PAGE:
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1100 - 1385

Watchtower and stronghold


The architectural origins of Ferrara's Castello Estense are to be found in the watchtower, which by the start of the 13th century, already formed part of the city wall defences that marked the northern edge of the medieval city.
The architectural features of this massive tower were very simple: a square floor plan and brick walls.
Each storey had just one room and the floor above it was held up by a brick-built barrel vault ceiling. The base of the wall tapered outwards and the small windows framed in stone were protected by iron bars. Like other 13th-century towers in Emilia and Veneto, the crenellations rose straight up from the outside walls with no projecting corbel on the coping course; the roof was a four-pitch pantiled roof supported by a variously-sized beams.
The tower stood next to the gateway known as the Porta dei Leoni, jutting out from it slightly.
When in 1264 Obizzo II d'Este was proclaimed lord of Ferrara, the Este family decided to erect their palace on the land in front of the cathedral in the northern part of the city.
By the middle of the fourteenth century, they were the owners of a large city quarter that reached the walls and during those years they converted the watchtower into a mighty stronghold to improve the defences of the Porta dei Leoni as well as their property and their hold on power.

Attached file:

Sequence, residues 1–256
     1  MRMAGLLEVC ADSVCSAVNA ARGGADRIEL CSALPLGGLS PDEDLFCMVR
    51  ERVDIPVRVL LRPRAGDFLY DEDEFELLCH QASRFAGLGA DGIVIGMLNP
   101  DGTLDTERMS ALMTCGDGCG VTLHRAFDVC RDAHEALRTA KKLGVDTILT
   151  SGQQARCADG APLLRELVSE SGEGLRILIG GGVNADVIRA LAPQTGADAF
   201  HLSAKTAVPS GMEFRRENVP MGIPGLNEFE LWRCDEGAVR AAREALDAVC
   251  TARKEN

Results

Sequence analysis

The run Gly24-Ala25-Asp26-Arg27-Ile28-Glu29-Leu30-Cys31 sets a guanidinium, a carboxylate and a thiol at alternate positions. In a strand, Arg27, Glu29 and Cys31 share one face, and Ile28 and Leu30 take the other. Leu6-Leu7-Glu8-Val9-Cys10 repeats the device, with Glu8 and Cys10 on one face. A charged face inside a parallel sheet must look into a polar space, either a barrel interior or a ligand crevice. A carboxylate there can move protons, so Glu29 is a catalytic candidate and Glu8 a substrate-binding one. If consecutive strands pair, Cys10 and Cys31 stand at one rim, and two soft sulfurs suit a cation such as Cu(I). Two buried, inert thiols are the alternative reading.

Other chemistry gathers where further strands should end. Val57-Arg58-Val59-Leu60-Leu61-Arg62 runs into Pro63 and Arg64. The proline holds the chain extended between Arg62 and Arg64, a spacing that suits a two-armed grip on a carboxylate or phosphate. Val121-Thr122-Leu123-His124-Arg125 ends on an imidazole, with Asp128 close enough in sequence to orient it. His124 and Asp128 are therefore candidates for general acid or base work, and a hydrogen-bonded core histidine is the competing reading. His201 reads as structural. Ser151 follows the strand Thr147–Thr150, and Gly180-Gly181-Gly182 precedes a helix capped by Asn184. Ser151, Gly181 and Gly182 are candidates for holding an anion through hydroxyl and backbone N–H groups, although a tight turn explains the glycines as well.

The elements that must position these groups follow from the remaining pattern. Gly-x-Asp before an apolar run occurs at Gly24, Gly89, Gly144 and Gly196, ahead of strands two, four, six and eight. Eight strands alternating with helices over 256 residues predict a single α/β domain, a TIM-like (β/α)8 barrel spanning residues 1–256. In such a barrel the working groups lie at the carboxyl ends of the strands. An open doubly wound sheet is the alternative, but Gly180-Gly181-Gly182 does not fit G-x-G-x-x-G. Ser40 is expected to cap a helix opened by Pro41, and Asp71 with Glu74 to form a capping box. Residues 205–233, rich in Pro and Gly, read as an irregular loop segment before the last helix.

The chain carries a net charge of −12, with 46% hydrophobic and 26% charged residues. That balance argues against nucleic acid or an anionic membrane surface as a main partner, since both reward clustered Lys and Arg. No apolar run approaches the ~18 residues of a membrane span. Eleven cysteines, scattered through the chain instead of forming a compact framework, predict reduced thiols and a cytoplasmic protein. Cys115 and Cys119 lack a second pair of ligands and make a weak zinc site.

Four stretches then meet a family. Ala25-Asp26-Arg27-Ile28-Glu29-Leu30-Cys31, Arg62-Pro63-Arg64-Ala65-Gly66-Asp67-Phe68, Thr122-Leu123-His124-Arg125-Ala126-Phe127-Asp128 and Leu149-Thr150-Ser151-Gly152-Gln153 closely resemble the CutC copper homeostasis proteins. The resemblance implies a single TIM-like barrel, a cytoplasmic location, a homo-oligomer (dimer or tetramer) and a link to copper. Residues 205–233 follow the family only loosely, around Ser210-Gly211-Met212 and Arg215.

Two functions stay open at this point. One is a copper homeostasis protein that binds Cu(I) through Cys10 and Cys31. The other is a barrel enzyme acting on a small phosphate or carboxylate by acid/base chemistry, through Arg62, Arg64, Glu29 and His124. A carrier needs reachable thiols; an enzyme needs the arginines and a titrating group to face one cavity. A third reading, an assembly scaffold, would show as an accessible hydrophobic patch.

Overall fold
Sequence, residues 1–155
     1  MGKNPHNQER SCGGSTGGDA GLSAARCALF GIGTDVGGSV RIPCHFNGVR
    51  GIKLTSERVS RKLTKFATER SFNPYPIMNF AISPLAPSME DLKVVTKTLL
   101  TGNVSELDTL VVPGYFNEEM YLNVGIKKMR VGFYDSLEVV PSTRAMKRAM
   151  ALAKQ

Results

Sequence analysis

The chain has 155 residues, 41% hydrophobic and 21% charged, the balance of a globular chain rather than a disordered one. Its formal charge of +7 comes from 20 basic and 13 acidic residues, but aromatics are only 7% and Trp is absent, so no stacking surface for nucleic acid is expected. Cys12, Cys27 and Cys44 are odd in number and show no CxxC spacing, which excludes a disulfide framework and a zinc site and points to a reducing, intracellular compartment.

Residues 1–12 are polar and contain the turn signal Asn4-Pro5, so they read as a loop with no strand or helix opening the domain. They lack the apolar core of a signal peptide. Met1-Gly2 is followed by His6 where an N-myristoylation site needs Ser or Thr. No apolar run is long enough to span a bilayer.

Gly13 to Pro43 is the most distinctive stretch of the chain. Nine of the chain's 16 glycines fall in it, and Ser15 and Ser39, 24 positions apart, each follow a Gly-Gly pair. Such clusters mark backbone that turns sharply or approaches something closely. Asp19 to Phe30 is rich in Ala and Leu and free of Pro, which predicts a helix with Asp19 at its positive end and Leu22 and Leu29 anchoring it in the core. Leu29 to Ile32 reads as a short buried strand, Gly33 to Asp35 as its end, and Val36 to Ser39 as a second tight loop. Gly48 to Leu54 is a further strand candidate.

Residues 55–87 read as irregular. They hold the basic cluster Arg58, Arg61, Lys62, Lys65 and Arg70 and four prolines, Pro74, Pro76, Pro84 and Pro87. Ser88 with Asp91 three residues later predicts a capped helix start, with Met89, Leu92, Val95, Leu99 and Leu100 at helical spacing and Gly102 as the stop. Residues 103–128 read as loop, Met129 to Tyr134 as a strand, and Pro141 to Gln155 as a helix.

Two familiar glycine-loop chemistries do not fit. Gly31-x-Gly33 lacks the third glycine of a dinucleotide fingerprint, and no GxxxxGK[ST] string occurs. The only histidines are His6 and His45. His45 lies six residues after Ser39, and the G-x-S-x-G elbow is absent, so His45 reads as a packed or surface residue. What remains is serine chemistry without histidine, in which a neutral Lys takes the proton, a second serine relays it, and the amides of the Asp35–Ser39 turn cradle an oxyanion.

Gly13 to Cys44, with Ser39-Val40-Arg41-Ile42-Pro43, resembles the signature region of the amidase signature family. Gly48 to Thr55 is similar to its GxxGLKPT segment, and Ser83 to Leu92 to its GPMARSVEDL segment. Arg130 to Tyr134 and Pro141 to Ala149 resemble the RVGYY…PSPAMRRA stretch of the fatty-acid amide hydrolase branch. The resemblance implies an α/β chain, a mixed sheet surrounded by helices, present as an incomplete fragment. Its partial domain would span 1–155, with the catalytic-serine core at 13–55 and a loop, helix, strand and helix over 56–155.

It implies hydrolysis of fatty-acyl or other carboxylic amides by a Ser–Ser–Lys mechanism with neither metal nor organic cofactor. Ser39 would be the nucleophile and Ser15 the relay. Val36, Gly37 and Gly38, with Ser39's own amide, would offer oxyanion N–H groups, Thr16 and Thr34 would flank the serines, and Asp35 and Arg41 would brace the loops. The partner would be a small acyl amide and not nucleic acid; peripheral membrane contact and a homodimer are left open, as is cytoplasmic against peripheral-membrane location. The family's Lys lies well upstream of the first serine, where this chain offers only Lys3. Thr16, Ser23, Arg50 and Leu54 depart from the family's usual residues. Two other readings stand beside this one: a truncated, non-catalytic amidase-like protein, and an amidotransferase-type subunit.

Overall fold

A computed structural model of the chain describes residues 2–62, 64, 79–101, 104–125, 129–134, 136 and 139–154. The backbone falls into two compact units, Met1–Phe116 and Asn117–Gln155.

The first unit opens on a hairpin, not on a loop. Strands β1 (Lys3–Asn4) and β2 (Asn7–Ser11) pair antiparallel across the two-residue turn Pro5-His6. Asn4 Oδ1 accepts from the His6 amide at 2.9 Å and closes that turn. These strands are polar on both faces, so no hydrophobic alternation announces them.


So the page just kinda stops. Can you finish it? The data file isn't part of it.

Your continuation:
A brick wall from the foundations to the first floor was built around the tower to form a ring of battlements around it which was home to artillery and military weapons. The thickness of the walls was increased on the four corners, which thus appeared as four small towers connected by a brick face divided into three blind arches.
Connecting corridors and a service ramp for the animals that carried the arms and munitions were built in the gap between the old tower and the new external brick face.
The stronghold was surrounded on all sides by a moat fed by the canal outside the city walls.
The tapered base of the walls had a stone stringcourse with a diamond-shaped spiral decoration and at the corners it still shows small escutcheons that portrayed two Estense badges: the eagle; the family's heraldic emblem and the wheel; the symbol of the marquis Nicolò II.
The first floor battlements were protected by crenellations and the walls had the narrow slits then in use in military architecture.
Some of the these openings allowed long firearms to be fired close to wall as well as longer trajectory shots, using bombards and mortars.
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